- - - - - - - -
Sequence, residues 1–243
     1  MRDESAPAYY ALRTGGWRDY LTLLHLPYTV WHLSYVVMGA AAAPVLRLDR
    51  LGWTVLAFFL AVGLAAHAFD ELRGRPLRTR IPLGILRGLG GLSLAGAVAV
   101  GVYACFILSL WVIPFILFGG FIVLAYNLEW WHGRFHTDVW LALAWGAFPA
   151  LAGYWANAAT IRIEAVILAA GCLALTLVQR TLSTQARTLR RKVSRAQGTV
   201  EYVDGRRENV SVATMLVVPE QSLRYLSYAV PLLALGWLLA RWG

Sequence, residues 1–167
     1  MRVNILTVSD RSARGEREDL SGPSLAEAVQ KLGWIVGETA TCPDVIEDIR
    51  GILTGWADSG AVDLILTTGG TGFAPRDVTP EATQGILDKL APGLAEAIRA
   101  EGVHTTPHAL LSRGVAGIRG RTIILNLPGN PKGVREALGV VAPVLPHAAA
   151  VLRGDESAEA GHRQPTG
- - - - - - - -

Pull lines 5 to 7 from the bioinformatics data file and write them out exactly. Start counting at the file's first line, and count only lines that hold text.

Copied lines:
   151  LAGYWANAAT IRIEAVILAA GCLALTLVQR TLSTQARTLR RKVSRAQGTV
   201  EYVDGRRENV SVATMLVVPE QSLRYLSYAV PLLALGWLLA RWG

Sequence, residues 1–167